Who Let the 'Nogs Out?



My husband, Phil, and I had been dating for almost a year when he asked: “What do you think of eggnog?” My thoroughly flummoxed reply: “I don’t.” 

The drink I knew from holiday parties came from a carton and was a clammy concoction of sugar, eggs, and cream added to every headache-inducing liquor known to man. Not quite custard and not quite milk, everything about it seemed feeble and drab.

We were in the Waterfront Ale House, a tiny bar on Atlantic Avenue in Cobble Hill, which has since moved to Manhattan. It turned out that Sam Barbieri, the Culinary Institute of America–trained owner of the bar, made some serious eggnog—it’s actually called Sam’s Serious Eggnog—and Phil thought I should try it. Phil, actually, had bartended for Sam for extra income when he was finishing up graduate school and while he owned a bookstore in Carroll Gardens. (Eventually, we all became close. Three years after I first tried Sam’s eggnog, he attended our wedding, and he hosted the gathering after Phil’s memorial service in 2007.)

The first thing I noticed about Sam’s Serious—which has been frequently dubbed one of the best, if not the best, in New York City—was the aroma of the alcohol and spices: fresh cinnamon, clove, allspice, and nutmeg. Served over ice, the consistency was perfect, not too thin or thick. The potent blow of the two rums, bourbon, and cognac was cooled and mellowed by the ice and richness of the ’nog. In turn, the alcohol cut into the base’s cloying density. 

It was paradigm-shifting. Eggnog is a libation that typically falls into categories like those I saw in a New York magazine ’nog-rating round-up: “Surprisingly Good” (Do you really want to drink anything whose top category assumes any possible goodness must be a surprise?), “Only Mildly Offensive,” “Pretty Darn Awful,” and “Singularly Hideous.” New York liked Sam’s version so much they included his tips on how to doctor up the better-rated prefab bases. 

I caught up with Sam recently in his Kips Bay location on Second Avenue, and he shared some insights into his process, which is now handled by an upstate dairy that mixes and pasteurizes his recipe’s base in bulk, to which he adds the alcohol, working in batches that produce up to 90 bottles at a time.

He typically turns out 1,200 bottles each year. “A driver who will only tell me he’s picking it up for someone on the East End—won’t tell me anything else, pays in cash—comes to the bar every year to pick up 30 to 60 bottles,” he said.

Never entirely sure myself what was in eggnog, Sam’s or otherwise—and for the glory of participatory journalism—I grabbed the opportunity to attempt to make some myself for this issue of EAST.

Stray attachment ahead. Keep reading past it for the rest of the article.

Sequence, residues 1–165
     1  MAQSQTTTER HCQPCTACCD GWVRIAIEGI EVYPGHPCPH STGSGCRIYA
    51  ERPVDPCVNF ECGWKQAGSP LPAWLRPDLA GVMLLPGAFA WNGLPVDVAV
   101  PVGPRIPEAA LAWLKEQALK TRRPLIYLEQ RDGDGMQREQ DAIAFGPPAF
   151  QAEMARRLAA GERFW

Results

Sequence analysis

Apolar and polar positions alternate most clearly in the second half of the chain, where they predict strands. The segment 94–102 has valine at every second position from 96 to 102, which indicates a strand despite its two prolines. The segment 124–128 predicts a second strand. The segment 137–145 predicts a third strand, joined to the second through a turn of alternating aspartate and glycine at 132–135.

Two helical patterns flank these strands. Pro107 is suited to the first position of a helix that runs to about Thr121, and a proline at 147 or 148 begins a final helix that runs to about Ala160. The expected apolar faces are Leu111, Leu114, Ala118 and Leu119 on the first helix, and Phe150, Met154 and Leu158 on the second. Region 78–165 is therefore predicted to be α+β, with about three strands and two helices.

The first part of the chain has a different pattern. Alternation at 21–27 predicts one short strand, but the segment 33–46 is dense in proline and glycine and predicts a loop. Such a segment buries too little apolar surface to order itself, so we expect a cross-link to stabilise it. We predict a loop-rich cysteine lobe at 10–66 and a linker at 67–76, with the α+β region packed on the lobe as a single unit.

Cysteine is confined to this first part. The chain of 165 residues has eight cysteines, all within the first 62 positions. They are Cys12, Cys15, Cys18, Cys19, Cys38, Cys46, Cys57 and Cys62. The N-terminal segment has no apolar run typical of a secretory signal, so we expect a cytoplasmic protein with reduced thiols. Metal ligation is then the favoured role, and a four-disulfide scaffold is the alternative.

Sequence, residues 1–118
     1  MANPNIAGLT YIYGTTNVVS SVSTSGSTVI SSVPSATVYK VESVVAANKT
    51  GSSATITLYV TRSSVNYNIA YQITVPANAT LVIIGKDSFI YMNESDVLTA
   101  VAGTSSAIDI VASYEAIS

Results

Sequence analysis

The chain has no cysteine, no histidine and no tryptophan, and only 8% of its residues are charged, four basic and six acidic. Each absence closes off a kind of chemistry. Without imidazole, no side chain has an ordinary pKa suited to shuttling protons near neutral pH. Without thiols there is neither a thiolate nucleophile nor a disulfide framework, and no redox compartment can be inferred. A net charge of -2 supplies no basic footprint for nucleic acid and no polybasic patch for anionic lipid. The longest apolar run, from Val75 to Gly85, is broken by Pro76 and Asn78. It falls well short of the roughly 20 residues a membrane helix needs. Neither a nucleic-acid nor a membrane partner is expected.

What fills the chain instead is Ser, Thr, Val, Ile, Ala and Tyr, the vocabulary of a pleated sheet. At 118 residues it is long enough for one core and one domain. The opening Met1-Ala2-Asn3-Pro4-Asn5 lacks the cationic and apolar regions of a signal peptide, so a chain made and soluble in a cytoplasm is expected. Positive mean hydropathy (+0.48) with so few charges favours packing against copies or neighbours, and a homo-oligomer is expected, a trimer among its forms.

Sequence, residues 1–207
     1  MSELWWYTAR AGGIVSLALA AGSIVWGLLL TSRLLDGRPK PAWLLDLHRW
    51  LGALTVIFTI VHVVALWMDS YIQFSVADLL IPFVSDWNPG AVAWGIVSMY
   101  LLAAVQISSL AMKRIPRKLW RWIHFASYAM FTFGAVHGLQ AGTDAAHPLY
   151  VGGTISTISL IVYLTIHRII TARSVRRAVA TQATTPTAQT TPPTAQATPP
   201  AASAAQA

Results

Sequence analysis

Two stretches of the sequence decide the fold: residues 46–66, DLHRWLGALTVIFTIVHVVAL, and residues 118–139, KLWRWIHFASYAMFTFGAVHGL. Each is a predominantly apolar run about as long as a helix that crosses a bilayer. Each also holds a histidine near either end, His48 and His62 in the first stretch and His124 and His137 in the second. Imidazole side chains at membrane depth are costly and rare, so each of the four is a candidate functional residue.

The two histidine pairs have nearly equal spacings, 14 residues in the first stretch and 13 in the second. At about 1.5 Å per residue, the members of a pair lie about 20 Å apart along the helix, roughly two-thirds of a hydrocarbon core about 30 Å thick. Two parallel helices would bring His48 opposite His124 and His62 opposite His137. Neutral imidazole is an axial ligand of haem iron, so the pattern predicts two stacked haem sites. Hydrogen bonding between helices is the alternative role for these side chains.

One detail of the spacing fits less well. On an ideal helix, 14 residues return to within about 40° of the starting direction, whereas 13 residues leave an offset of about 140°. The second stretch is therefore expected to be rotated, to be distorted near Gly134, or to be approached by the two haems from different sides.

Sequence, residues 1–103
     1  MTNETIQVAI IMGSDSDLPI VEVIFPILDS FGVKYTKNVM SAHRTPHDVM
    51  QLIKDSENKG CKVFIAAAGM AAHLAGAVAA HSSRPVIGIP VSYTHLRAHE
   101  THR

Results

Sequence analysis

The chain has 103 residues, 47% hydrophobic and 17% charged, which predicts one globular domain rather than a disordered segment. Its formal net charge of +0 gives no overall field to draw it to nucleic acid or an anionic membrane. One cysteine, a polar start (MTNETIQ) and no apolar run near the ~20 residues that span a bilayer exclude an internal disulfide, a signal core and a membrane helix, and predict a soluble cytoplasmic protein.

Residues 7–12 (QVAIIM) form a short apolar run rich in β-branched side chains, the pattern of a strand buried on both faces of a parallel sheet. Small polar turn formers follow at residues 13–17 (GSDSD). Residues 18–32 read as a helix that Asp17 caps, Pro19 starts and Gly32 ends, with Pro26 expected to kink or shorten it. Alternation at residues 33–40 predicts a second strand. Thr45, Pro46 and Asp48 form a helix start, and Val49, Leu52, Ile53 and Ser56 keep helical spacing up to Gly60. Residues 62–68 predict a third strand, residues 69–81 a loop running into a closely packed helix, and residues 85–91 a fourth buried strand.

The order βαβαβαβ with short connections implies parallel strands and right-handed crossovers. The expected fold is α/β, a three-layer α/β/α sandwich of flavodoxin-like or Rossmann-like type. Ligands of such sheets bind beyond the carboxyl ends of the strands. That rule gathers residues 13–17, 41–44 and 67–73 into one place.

Deciding to use a personalized version of Sam’s recipe, my first choice was to cut it in half, since as of this writing it’s only October and not quite Yuletide (despite some hopeful store displays). One of Sam’s recommendations is to let the spices infuse the alcohol before mixing it into the ’nog. I used a dark rum I had on the bar, opted out of the other liquors, poured some into a ramekin, and added the spices before I started to cook.

I used a tad less sugar by choice, and added vanilla, because I love vanilla. I whisked the vanilla, sugar, eggs, and most of the half-and-half together in a bowl, set it over simmering water in a double boiler, then whisked . . . and whisked . . . and whisked some more. Finally, it thickened, and I took it off the heat. Heavy cream is added to cool it all down once it comes off the stove; holding back on the cream until after heating also makes it easier to determine when it has thickened properly (which is also how to tell if the eggs have cooked).

Purists may note a problem here. Most recipes call for separating the eggs and whisking in the whites after cooking. Sam, however, had told me that after years of following those traditional instructions, he once forgot to separate the eggs, and it was fine.

Even though my take turned out decadent and delicious, there are two things I would change when I make it again for Christmas—and I will!  Adding the vanilla before it went into the double boiler could have slowed the thickening; I would definitely add it again, but after cooking. Also, I may have kept it on the heat and whisked it more than needed.

This slightly improvised version turned to have the taste and consistency similar to a thin crème brulée. The alcohol and ice thinned it further, making it pleasant and easy to drink. Making eggnog is definitely worth attempting at home. If you want “Serious” eggnog, however, you should stop by the Waterfront, find the person who is importing those bottles to the East End, or send your own driver (and cash).  • 



2 tsp. freshly grated

¼ tsp. ground cinnamon

¼ tsp. ground allspice

Pinch ground cloves

4 oz. dark rum

2 oz. 151 rum

1 oz. brandy

2 oz. bourbon

4 whole eggs

¾ Cup granulated sugar

2 Cups half-and-half

1 Cup heavy cream

In a bowl, mix the spices with liquors and let sit to infuse for up to an hour. After the liquor has infused, whisk together eggs, sugar, and 1½ cups half-and-half in a large stainless-steel bowl. Working over a double boiler of simmering water, heat the egg mixture, whisking constantly, just until it starts to thicken. Remove from heat immediately and add the cold heavy cream and remaining half-and-half to cool the mixture and stop the cooking. Blend in the liquor and spice mixture. Garnish with additional freshly grated nutmeg. Refrigerate, and if serving warm, only heat the portion you will be using immediately.
Jennifer Landes